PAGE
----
Health

Mouthwash Might Be Messing With Your Workout, New Study Suggests

It might be difficult to believe that rinsing with antibacterial mouthwash could somehow affect anything other than your teeth and gums. But a new study suggests that those who gargle may be hindering the blood pressure-lowering benefits you get from working out.

Previous studies have shown that the mouthwash ingredient chlorhexidine raised blood pressure in resting participants by halting the production of nitric oxide (which relaxes arteries). So researchers from the University of Plymouth in England wanted to figure out how this might hinder the nitric oxide produced by exercise and its ability to lower blood pressure during and after working out. 

In a small study, researchers observed 23 adults who were asked to run for 30 minutes on a treadmill. They then staggered having them rinse their mouth out with either mouthwash or a mint-flavored placebo at one, 30, 60, and 90 minutes after the workout. 

An hour after the workout, those who rinsed with a placebo were shown to have a 60 percent better ability to lower their blood pressure and maintain it than those who used mouthwash. In fact, after two hours, there was no sign of lowered blood pressure at all in the participants who used the mouthwash.

These results led researchers to believe there’s a beneficial connection between the natural bacteria in our mouths and the ability to lower blood pressure. Craig Cutler, one of the co-authors of the study, explained, “These findings show that nitrite synthesis by oral bacteria is hugely important in kick-starting how our bodies react to exercise over the first period of recovery, promoting lower blood pressure and greater muscle oxygenation.” In more simple terms, Cutler compared our oral bacteria to keys that unlock our blood vessels, which then allows the pressure to lower and build muscles.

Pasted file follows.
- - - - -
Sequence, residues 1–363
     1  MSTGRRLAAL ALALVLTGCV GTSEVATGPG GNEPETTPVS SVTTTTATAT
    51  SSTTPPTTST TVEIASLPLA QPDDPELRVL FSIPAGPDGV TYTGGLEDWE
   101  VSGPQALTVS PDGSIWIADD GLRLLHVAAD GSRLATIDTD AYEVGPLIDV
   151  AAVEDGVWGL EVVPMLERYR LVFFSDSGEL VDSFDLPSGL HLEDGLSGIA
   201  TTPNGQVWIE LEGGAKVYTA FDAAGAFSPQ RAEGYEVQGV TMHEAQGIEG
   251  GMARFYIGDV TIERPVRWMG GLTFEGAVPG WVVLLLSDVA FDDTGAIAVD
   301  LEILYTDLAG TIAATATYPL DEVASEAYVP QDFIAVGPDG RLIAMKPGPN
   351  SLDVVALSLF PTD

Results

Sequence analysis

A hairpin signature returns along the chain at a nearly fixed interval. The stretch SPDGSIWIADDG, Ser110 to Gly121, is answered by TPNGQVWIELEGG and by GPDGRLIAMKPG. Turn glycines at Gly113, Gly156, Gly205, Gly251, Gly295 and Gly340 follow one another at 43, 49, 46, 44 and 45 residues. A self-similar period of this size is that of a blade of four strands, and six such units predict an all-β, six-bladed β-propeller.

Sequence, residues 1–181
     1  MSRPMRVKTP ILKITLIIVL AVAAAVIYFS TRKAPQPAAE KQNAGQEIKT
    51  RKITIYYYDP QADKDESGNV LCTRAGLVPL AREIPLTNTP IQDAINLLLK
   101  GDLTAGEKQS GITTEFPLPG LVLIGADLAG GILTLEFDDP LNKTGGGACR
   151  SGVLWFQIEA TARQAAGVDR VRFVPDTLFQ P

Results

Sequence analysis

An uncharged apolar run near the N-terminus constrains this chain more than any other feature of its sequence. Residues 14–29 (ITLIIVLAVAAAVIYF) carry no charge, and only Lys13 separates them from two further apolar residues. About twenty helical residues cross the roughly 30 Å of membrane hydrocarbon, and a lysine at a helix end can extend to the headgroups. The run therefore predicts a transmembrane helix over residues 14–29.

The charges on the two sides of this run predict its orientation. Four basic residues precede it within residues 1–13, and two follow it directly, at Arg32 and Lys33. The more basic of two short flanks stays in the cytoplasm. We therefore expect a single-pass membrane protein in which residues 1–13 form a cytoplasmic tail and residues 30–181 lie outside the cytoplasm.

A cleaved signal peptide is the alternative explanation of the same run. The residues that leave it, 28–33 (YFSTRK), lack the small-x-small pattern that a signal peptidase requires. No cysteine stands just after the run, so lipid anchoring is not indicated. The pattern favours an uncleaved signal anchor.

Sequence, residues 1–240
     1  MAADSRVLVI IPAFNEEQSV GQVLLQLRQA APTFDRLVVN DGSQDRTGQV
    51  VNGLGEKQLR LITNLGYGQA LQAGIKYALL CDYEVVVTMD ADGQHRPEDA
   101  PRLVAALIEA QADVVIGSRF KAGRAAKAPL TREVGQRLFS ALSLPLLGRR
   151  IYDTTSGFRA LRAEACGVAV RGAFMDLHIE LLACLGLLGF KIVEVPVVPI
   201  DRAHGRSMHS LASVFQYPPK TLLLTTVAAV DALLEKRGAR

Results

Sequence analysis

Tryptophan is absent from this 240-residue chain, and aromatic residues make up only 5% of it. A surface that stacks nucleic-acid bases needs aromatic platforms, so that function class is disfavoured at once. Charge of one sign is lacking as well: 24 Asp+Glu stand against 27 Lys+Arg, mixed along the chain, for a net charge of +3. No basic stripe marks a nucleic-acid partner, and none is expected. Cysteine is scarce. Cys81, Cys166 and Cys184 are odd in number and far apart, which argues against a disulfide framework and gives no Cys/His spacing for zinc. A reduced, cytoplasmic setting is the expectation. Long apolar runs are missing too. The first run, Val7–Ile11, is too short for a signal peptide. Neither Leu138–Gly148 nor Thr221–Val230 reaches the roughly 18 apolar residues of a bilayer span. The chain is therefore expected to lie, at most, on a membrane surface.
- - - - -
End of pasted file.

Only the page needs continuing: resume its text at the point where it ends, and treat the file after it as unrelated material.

More research will need to be done, so there’s no need to skip this step completely. Cindy Geyer, MD, just recommends opting for a mouthwash that doesn’t contain chlorhexidine, like Tom’s of Maine (3 pack for $21.56, Amazon).

After all, you don’t want to sacrifice one area of health for another. Here’s to keeping our whole bodies happy!

More From FIRST

Are Bananas Healthy? A Nutritionist Weighs In

All the Science-Backed Benefits of CBD for Pain Relief, Anxiety, and Insomnia

Swapping Red Meat With This Protein May Reduce Breast Cancer Risk

Use left and right arrow keys to navigate between menu items. Use right arrow key to move into submenus. Use escape to exit the menu. Use up and down arrow keys to explore. Use left arrow key to move back to the parent list.